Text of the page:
1922: The Rise of Adventist Fundamentalism
This product qualifies towards the free shipping offer.
1922 understanding the movement - In 1922, Adventism was under siege. At the ideological crossroads were the fundamentalists and the modernists. This book traces the battle lines that formed quickly in the aftermath of the 1919 Bible Conference. In the early 1920s these issues reached a feverish pitch through articles, sermons, and meetings that kept passions aflame. Although times have changed, the issues remain as relevant as ever.
1922 understanding the movement.
In 1922 Adventism was under siege. At the ideological crossroads were the fundamentalists, firmly dedicated to a belief in divine inspiration, the inerrancy of the Bible, and the importance of doctrines long-held inviolate. Aligned against them were the modernists, anxious to increase the church’s impact in the world by applying biblical principles to a rapidly changing society. Each side shared a firm conviction that their assumptions about truth were the only ones that made sense in understanding the world around them. Adventists were especially worried that all they loved and believed in was under threat: the Sabbath, Creation, and even the inspiration of Ellen White.
This book traces the battle lines that formed quickly in the aftermath of the 1919 Bible Conference. In the early 1920s, these issues reached a feverish pitch through articles, sermons, and meetings that kept passions aflame. All of this culminated at the 1922 General Conference Session, which marked the end of A. G. Daniells’ presidency, and was one of the most controversial in Adventist history. Even though the lights have gone out on Adventist fundamentalism, and most Adventists don’t think in those terms today, that phase of our Adventist past continues to impact us. Although times have changed, the issues remain as relevant as ever.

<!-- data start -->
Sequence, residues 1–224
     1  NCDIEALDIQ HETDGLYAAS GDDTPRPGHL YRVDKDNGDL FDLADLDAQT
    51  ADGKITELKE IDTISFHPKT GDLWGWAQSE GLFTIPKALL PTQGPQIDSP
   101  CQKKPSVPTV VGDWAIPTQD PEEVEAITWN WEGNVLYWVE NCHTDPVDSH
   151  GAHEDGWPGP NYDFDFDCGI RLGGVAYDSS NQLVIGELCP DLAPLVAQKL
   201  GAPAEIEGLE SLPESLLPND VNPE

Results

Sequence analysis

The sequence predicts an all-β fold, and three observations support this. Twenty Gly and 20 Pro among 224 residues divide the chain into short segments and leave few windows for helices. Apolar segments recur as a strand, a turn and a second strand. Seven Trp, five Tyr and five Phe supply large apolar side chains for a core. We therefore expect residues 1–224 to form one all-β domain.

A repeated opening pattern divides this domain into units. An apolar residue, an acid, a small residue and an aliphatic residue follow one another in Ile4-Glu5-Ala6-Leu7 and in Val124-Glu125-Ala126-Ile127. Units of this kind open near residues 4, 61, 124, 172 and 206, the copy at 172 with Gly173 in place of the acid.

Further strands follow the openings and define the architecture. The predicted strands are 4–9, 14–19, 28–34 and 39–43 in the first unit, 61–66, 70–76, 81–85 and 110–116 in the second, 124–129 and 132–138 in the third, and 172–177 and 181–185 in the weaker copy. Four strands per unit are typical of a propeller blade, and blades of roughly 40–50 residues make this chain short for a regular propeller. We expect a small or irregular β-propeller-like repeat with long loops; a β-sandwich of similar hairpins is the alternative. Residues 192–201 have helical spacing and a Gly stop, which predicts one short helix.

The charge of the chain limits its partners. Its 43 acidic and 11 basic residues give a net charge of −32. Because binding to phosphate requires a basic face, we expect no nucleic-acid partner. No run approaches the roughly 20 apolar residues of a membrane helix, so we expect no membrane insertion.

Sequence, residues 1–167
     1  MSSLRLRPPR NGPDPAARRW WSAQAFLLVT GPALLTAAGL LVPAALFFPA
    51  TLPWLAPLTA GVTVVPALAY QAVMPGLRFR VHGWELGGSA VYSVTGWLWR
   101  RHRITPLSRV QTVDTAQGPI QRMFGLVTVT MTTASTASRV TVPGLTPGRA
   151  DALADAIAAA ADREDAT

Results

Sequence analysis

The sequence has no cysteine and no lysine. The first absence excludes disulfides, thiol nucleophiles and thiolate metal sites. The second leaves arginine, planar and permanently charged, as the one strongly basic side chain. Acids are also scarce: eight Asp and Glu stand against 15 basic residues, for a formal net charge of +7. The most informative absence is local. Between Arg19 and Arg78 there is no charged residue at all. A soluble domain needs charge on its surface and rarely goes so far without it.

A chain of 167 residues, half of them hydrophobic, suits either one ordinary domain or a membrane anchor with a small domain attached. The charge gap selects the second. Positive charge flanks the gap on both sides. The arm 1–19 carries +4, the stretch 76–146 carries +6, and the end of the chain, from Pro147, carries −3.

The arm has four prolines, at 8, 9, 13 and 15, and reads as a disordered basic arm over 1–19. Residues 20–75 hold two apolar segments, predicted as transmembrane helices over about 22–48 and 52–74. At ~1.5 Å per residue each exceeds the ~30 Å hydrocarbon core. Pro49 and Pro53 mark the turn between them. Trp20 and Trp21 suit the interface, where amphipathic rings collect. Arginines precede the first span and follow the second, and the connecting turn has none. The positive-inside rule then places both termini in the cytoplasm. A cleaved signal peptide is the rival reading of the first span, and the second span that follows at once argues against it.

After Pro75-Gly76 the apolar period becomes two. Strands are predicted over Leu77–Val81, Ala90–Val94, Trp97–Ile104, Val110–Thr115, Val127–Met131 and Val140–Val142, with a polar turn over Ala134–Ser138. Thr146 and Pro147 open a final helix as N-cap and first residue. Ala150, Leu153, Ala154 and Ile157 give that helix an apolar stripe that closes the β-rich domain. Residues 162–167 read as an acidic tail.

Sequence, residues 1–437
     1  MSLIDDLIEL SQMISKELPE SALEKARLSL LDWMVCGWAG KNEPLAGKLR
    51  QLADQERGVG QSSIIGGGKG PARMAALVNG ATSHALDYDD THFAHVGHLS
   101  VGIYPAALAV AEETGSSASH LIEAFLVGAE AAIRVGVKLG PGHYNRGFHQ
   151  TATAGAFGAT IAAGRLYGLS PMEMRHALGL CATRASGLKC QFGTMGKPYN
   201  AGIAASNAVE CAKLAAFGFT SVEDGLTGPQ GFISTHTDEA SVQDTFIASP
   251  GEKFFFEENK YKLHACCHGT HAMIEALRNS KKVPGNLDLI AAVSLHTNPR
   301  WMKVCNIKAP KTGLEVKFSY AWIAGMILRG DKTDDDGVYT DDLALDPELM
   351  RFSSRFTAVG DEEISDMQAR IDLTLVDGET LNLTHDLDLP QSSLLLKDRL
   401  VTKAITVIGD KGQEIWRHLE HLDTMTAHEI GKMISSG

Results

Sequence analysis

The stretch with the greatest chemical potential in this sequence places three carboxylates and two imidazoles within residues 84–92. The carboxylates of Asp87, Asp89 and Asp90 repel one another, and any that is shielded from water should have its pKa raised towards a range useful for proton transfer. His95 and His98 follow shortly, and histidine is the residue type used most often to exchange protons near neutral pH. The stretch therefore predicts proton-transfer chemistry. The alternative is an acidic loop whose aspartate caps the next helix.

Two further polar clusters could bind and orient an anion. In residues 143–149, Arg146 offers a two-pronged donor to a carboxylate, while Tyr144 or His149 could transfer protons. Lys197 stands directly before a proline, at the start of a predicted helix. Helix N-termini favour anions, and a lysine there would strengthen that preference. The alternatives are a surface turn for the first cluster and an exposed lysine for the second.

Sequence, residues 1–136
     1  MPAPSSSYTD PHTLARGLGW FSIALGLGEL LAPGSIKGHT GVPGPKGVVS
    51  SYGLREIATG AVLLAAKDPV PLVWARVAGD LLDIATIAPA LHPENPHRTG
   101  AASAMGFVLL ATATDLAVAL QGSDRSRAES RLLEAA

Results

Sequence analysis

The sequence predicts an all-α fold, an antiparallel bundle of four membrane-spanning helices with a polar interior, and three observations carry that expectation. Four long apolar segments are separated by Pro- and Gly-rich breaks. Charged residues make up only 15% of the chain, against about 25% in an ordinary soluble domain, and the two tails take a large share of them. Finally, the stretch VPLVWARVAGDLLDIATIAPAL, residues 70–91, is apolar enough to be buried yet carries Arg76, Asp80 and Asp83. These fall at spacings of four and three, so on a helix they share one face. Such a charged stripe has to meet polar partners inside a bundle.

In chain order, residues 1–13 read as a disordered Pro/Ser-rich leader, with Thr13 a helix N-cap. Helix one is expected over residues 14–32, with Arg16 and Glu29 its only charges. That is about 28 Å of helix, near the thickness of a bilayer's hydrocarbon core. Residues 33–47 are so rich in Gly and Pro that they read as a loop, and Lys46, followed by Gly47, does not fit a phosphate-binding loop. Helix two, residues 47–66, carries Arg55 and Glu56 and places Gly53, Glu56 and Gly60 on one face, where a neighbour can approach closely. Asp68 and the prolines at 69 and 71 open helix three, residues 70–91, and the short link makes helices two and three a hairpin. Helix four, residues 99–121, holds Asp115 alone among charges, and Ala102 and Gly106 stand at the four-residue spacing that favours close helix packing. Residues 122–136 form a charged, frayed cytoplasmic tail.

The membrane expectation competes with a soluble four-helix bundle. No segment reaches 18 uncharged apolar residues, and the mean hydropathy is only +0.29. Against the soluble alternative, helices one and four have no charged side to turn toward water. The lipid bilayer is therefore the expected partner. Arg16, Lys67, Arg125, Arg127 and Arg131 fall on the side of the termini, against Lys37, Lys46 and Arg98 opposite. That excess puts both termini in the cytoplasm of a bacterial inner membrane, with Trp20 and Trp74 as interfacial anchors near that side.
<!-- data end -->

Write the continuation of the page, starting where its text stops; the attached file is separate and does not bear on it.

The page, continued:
What scholars are saying about this important study by Michael Campbell *Michael Campbell has moved Adventist historiography an important step forward in his insightful exploration of the first half of the 1920s, a pivotal decade in the denomination's development."
-George R. Knight, professor emeritus of church history, Andrews University, and the author of many works on Adventist history.
"The work of Dr. Campbell is comprehensive and brilliant. This contribution is an honest assessment of Adventist history."
-Efrain Velázquez, PhD, president, Inter-American Adventist Theological Seminary
*Campbell has unearthed a *fundamentalist shift' in Adventism that shows how indebted the modern church is to the fundamentalist movement of the 1920s."
-Matthew J. Lucio, pastor and host of the Adventist History podcast
Doctor Michael Campbell continue to captivate the reader presenting the saga of SDA movement at the crossroads of history, missiology and its ongoing identity struggle. Those who were unsettled by the void left by Dr. George R. Knight 2nd retirement (I am one of them) are especially excited by the way Dr. Campbell - a solid scholar doubled by a captivating storyteller - picked up the baton.
His new book, "1922 – The Rise of Adventist Fundamentalism", establishes the author as the 21st century utmost authority of Seventh-day Adventist church history. Adventists are still affected by a special form of identity crisis – while trying to be perceived as less fundamentalists than their 1922-grandparents ever wanted to be, but definitely appearing more orthodox than their 21st century children and grandchildren would appreciate.
Dr. Campbell is mastering the art of presenting the data in the historical and theological context. The connections he makes for example between the Evangelical fundamentalism and Adventism fundamentalism before and after the Scopes trials, or the verbal inspiration problems translated in Adventism by Ellen White verbal inspiration push (her canonization as Dr. Campbell states), are the best examples of his wholistic ability of connecting the… dots.
The 1844 generation of Adventists got a crystal-clear understanding of who they were and what their mission was. The 1888 generation confronted with the same challenges didn’t have the same black and white answers, but still anchored by a Go-Ye vision and mission. The 1919-1922 generation however, according to Dr. Campbell, chose to go on the battlefield wearing a supposedly “modernism-proofed” armor rather than keeping David’s pastoral mantle.
I am already excited about the prospect of Dr. Campbell writing his next bestsellers around the 1957 controversial book Question on Doctrines, or how and why the 1888-Reexamined got so influential.
|Pacific Press Publishing Association